I'll be the first to admit that I have been a bad blogger. I expected to be posting at least once a week while on my Christmas break, yet I only posted once. I did bake, but I just didn't take photos and make posts about them. I take my photos with natural light and, since it's winter, the light goes at about 3pm. I tended to do a lot of baking in the afternoon or evening, meaning no light for photos. I also baked many of my favorite things which have already been posted on this blog, so it's not like I could put repeats up! I know those are poor excuses...
In any case, I made ice cream over the holidays and that is something that I can share with you! I received an ice cream maker for my birthday (November) and have used it twice. First try didn't turn out so well, but that was entirely my fault. Second try was amazing! Very simple, although a little time consuming. But the result! Woah. Probably the best ice cream I've had. Ever. And I've had a fair bit of ice cream in my time.
As I said, making ice cream is time-consuming, but only because you have to freeze/chill various things overnight, so it ends up taking two days or so. But it's not like you're doing much for the entire three days. It's basically a crème anglaise put into an ice cream maker. Crème anglaise is a thinner consistency custard than regular custards, so much so that it is pourable.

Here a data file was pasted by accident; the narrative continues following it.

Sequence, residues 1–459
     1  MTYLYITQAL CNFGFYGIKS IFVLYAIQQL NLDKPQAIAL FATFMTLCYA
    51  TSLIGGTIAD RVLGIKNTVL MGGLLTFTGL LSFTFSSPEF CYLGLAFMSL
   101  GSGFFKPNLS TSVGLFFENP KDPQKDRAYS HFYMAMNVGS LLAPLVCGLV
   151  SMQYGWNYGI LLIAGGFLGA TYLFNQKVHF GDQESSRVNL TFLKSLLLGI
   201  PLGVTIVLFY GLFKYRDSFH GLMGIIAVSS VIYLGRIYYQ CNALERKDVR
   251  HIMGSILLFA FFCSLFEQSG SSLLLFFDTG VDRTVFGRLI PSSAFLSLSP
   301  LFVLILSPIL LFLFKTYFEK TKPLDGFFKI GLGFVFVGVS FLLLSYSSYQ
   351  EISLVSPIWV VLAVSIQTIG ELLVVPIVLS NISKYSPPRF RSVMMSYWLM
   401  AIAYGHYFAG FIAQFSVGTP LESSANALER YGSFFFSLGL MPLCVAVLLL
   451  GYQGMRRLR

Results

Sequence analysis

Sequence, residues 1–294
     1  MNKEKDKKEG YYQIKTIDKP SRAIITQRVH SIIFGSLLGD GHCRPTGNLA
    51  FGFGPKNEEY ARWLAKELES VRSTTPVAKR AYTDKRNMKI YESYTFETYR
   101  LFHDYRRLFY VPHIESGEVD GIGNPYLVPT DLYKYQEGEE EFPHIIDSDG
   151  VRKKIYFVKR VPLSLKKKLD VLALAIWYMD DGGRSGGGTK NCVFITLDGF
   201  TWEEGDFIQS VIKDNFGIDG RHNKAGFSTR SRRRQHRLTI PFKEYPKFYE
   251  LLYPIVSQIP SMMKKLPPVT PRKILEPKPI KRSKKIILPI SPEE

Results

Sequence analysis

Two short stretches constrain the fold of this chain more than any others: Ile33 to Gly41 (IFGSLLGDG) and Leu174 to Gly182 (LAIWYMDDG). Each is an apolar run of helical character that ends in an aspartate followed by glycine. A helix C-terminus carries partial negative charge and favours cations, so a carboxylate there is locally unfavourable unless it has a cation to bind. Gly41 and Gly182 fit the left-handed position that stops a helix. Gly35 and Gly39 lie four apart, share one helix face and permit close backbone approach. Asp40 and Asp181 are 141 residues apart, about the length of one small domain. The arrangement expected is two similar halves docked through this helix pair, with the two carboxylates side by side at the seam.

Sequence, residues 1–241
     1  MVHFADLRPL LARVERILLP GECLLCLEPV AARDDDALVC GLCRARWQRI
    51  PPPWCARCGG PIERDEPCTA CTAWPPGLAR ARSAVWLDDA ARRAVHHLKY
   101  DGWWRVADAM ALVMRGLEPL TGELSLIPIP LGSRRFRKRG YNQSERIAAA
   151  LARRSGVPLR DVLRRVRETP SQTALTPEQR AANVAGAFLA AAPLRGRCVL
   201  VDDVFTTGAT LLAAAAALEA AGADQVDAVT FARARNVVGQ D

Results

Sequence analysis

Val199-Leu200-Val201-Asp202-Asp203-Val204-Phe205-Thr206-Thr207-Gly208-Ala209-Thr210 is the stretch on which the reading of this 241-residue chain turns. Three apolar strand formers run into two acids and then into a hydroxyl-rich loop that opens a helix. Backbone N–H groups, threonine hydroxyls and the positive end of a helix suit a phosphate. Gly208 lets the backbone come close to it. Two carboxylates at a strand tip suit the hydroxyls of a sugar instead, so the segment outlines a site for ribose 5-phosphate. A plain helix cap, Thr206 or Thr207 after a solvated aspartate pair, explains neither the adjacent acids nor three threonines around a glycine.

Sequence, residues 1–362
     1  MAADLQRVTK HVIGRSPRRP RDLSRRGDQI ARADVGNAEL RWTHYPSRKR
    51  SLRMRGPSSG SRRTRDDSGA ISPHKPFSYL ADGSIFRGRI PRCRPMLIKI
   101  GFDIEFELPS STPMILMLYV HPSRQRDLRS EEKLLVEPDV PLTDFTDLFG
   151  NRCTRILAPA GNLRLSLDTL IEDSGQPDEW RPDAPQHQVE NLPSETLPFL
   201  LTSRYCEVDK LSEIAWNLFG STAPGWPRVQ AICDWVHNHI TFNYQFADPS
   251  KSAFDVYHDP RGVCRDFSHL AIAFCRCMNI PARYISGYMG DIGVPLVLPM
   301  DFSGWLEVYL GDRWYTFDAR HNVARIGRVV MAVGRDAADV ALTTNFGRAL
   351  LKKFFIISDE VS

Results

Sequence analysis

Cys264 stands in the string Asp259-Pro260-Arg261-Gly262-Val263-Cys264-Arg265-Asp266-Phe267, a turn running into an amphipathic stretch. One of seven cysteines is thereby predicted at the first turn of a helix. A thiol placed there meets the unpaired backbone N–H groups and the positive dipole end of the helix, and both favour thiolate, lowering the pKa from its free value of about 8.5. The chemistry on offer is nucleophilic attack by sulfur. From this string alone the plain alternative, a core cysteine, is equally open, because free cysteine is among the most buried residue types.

My ice cream maker bowl has to be frozen for 15 hours before it can be used, so check your ice cream makers instructions. The crème anglaise itself has to be chilled for a few hours or overnight before churning and then overnight again after churning. This is one of those things you have to plan ahead, just a little bit, rather than just throw together at the last minute.
Vanilla Bean Ice Cream
Recipe from Dahlia Bakery Cookbook
2 cups heavy cream (473 mL)
1 cup whole milk (236 mL)
2/3 cup sugar
1 vanilla bean
8 large egg yolks
1/2 teaspoon pure vanilla extract
To make the crème anglaise, combine the cream, milk, and sugar in a saucepan. Split the vanilla bean lengthwise and scrape out the seeds with a knife. Keep the seeds aside and put the pod into the milk mixture.
Over medium-high heat, scald the milk, stirring occasionally. The milk is scalded when tiny bubbles appear around the edges and it's steaming, not boiling. Take the saucepan off the heat.
In another bowl, whisk the egg yolks and vanilla bean seeds until it is pale yellow. Slowly add a ladle of the scaled milk mixture to the egg yolks, whisking constantly so the eggs don't curdle. Pour the warmed egg yolk mixture into the saucepan with the milk and return to medium heat, stirring constantly. When the crème anglaise is thick enough to coat the back of the spoon, take it off the heat. Immediately pour it through a fine-mesh sieve into a bowl, discarding the pod and seeds that the sieve caught. You will still have vanilla bean seeds in the custard, though. Stir in the vanilla extract. Set up another bowl with ice water and put the bowl with the crème anglaise over it to cool it. When it is cool, cover it and refrigerate for at least a few hours, or overnight.
Churn the custard in your ice cream maker according to their instructions (which should be in the manual, hope you kept it!). The ice cream will be very soft and it will need to be frozen again. Put the ice cream in an airtight container and freeze for several hours, or overnight.
Enjoy with salted caramel sauce or a chocolate tart!